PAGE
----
Yesterday, I covered off one of the Star Alliance Map as one of the tools that I use for finding routing information. I find the tool to be my go to when I am searching for reward redemptions for Aeroplan but where it falls short is finding routes with other airline alliances and non-alliance airlines.
This is where FlightConnections.com comes in handy. In my experience, it is a very lightweight and robust system that provides you with a lot of information without much effort. Let’s take a look at how to use this powerful tool.
The first thing you might notice is that there is only one place to type anything, the “Search from Airport” field.
Here you can either search for all routes from an airport or you can look for specific routings. If you want to search for all non-stop routes from an airport, all you have to do is type in the IATA code for the airport or the name of the city. If you really want to get proficient with Travel Hacking, I would recommend that you familiarize yourself with the IATA codes for both airports and airlines as it will speed up your searches.
For a complete list of IATA codes, search the IATA website at http://www.iata.org/publications/Pages/code-search.aspx.
Let’s search for all direct flights out of Calgary (YYC).
As you can see, there are quite a few. You can use the zoom in feature to find out what cities are serviced and it works just like Google Maps so you should be familiar with the interface.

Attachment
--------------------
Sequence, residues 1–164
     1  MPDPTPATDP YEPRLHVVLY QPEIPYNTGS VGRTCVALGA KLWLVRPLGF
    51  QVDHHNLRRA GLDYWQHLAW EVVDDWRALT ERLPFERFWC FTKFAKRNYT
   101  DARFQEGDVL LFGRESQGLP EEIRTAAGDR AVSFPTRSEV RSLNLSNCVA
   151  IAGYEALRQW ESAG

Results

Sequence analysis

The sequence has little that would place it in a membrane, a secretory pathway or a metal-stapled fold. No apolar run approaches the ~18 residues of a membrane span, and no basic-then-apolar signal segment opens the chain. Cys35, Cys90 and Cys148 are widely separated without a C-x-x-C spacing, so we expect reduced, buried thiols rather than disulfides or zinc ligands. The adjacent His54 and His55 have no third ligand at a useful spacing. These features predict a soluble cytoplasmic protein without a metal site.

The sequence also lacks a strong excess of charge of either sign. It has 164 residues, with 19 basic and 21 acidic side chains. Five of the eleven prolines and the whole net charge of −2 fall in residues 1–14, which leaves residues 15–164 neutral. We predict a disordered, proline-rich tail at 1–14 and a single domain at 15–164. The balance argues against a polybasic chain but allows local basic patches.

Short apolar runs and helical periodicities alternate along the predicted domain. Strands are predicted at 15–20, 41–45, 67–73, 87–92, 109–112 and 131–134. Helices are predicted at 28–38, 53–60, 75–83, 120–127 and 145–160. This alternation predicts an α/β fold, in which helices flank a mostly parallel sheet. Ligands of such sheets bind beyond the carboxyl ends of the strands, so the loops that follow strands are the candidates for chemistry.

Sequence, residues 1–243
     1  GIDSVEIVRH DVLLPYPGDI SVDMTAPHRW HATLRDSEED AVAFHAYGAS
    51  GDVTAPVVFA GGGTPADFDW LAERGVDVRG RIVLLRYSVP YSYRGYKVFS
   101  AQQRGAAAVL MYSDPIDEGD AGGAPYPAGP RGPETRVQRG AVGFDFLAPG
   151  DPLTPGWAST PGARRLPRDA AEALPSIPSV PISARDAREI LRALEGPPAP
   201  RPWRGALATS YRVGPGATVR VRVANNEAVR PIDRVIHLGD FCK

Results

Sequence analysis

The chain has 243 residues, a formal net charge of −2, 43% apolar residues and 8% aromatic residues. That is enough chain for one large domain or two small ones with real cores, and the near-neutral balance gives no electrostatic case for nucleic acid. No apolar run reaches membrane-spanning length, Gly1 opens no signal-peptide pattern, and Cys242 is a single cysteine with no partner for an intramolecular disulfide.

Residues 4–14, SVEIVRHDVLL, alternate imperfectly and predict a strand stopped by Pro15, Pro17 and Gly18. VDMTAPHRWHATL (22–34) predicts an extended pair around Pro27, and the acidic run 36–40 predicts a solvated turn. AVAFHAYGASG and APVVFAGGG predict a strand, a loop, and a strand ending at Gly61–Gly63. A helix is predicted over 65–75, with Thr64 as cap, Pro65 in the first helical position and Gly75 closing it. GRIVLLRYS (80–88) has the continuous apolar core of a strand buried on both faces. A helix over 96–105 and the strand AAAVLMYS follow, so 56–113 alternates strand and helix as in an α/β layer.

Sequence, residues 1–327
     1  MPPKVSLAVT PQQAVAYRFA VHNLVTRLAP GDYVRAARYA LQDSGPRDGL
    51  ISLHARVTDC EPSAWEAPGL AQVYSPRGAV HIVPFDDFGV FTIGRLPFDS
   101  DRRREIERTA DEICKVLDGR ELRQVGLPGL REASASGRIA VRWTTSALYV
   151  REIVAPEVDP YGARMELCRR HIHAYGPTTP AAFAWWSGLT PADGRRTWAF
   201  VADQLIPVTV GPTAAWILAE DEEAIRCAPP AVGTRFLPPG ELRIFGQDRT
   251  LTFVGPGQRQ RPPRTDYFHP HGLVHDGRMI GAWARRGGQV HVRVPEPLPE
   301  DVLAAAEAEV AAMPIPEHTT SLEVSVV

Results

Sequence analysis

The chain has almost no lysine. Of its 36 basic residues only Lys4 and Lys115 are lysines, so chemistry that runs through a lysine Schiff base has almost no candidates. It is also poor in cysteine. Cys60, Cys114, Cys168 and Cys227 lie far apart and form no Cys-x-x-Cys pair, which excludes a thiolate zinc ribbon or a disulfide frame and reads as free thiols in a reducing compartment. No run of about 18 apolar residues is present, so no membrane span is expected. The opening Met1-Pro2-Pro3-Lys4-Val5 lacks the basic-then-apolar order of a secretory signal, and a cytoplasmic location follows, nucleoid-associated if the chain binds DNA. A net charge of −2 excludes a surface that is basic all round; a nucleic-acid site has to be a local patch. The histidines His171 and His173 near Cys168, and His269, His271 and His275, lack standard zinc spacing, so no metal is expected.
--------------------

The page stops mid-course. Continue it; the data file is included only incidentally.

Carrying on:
From here, we can zoom in and see which airline flies to which city directly from Calgary. I have clicked on Tokyo and see that Air Canada flies this route.
What’s more is that I can now see what days the route is flown from the result on the left hand side of the screen. Here we see the YYC-NRT route is flown every day of the week.
This information comes in handy because there are routes that do not fly on certain days. If you know that going in, you won’t make the mistake of waiting for availability to open up … because it never will. I’ve made that mistake before and trust me, you’ll kick yourself for wasting a bunch of time that would be better served searching for other route availability.
If you look at the top of the left sidebar, you will notice that you can choose how many stops your route has. This comes in handy if you can’t find non-stop availability. Here you can now search for cities that can act as a connection point so you can expand your search.
Simply click on the cities listed in the left hand side and each airline that flies that route will be shown, again with the flight schedule for each day of the week.
This is my go to tool when I just want to get a sense of routing and often times, it’s enough information for me to begin my search. The only reason I go to the Star Alliance Route Map is because FlightConnections does not allow for sorting by airline alliances, which is often key if you are looking for award availability.
A way to sort by alliances and airlines is one of the key feature I would love to see in the tool with the other being a mobile app or mobile site. As a Travel Hacking junkie, I often find myself wondering about routes when I’m nowhere near a computer. Don’t get me wrong, the site works on your mobile browser, it’s just not optimized is all.
All in all, FlightConnections is a great tool that you should have in your Travel Hacking arsenal.